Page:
Present address: Center for the Management, Utilization and Protection of Water Resources and Department of Biology, Tennessee Technological University, Box 5063, 1100 North Dixie Avenue, Cookeville, TN 38505, USA.
Fine-scale population structure and riverscape genetics of brook trout (Salvelinus fontinalis) distributed continuously along headwater channel networks
Article first published online: 8 AUG 2011
© 2011 Blackwell Publishing Ltd
Volume 20, Issue 18, pages 3711–3729, September 2011
How to Cite
KANNO, Y., VOKOUN, J. C. and LETCHER, B. H. (2011), Fine-scale population structure and riverscape genetics of brook trout (Salvelinus fontinalis) distributed continuously along headwater channel networks. Molecular Ecology, 20: 3711–3729. doi: 10.1111/j.1365-294X.2011.05210.x
- Issue published online: 8 SEP 2011
- Article first published online: 8 AUG 2011
- Received 27 December 2010; revision received 8 June 2011; accepted 16 June 2011
- genetic clusters;
- landscape genetics;
- Salvelinus fontinalis;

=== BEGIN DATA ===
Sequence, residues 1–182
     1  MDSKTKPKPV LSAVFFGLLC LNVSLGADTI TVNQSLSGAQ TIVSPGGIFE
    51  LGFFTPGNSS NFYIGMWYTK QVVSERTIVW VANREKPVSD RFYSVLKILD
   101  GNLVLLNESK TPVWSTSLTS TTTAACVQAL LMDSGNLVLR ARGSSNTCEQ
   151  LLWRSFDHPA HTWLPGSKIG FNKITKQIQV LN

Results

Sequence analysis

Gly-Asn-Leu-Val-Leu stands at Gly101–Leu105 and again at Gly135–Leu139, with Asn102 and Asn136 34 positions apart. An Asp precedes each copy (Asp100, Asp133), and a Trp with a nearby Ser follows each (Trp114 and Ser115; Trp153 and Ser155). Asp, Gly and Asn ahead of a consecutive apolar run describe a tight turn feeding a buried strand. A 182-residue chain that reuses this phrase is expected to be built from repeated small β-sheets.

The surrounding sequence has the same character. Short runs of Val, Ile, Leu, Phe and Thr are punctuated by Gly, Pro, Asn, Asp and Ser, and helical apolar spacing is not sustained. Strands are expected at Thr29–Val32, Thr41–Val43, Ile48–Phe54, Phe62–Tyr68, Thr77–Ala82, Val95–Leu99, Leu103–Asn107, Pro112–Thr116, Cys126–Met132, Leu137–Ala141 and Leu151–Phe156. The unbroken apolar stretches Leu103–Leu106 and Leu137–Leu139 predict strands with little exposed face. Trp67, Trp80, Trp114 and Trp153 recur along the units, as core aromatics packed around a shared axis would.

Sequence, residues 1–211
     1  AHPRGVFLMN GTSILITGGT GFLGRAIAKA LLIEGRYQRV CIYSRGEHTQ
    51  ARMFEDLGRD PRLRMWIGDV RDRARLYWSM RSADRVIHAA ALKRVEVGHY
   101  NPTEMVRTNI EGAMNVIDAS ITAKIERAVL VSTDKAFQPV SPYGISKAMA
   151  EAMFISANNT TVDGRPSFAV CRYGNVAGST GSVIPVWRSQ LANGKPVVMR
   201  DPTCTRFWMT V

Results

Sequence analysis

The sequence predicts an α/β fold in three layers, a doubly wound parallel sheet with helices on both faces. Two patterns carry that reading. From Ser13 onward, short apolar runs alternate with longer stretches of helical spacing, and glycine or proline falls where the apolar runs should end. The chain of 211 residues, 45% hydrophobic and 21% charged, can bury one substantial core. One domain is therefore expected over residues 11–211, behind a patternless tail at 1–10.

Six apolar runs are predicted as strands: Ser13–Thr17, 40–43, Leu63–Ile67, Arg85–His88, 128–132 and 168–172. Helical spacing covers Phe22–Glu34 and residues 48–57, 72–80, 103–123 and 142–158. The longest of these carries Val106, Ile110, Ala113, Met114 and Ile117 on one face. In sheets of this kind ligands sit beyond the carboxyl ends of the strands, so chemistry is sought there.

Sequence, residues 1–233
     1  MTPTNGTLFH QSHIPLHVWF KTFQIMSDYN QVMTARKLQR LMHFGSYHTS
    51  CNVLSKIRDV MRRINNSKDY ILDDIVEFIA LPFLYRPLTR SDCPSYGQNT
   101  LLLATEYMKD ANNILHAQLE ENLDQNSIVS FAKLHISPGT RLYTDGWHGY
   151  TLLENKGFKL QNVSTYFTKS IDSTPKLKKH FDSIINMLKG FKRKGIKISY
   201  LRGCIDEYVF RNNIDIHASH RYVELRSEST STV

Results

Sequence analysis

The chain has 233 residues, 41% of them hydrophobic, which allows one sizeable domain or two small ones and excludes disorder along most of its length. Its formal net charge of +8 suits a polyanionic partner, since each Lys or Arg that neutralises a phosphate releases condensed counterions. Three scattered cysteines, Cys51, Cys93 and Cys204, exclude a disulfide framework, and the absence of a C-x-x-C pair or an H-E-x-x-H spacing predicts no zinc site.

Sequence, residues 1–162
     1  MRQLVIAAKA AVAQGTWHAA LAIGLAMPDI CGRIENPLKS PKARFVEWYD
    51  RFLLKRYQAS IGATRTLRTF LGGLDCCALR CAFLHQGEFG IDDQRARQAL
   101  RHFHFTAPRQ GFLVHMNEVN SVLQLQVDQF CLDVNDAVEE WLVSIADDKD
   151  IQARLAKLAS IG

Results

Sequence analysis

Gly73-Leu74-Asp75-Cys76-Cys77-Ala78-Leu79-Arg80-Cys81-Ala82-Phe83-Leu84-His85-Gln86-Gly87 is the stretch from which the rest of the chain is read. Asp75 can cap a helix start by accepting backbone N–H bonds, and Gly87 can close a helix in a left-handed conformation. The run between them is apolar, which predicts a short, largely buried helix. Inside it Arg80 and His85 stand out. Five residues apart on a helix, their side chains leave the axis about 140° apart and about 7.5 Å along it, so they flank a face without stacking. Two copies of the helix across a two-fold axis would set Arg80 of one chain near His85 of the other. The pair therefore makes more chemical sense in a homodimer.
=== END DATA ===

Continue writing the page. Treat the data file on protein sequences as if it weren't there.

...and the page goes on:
Linear and heterogeneous habitat makes headwater stream networks an ideal ecosystem in which to test the influence of environmental factors on spatial genetic patterns of obligatory aquatic species. We investigated fine-scale population structure and influence of stream habitat on individual-level genetic differentiation in brook trout (Salvelinus fontinalis) by genotyping eight microsatellite loci in 740 individuals in two headwater channel networks (7.7 and 4.4 km) in Connecticut, USA. A weak but statistically significant isolation-by-distance pattern was common in both sites. In the field, many tagged individuals were recaptured in the same 50-m reaches within a single field season (summer to fall). One study site was characterized with a hierarchical population structure, where seasonal barriers (natural falls of 1.5–2.5 m in height during summer base-flow condition) greatly reduced gene flow and perceptible spatial patterns emerged because of the presence of tributaries, each with a group of genetically distinguishable individuals. Genetic differentiation increased when pairs of individuals were separated by high stream gradient (steep channel slope) or warm stream temperature in this site, although the evidence of their influence was equivocal. In a second site, evidence for genetic clusters was weak at best, but genetic differentiation between individuals was positively correlated with number of tributary confluences. We concluded that the population-level movement of brook trout was limited in the study headwater stream networks, resulting in the fine-scale population structure (genetic clusters and clines) even at distances of a few kilometres, and gene flow was mitigated by ‘riverscape’ variables, particularly by physical barriers, waterway distance (i.e. isolation-by-distance) and the presence of tributaries.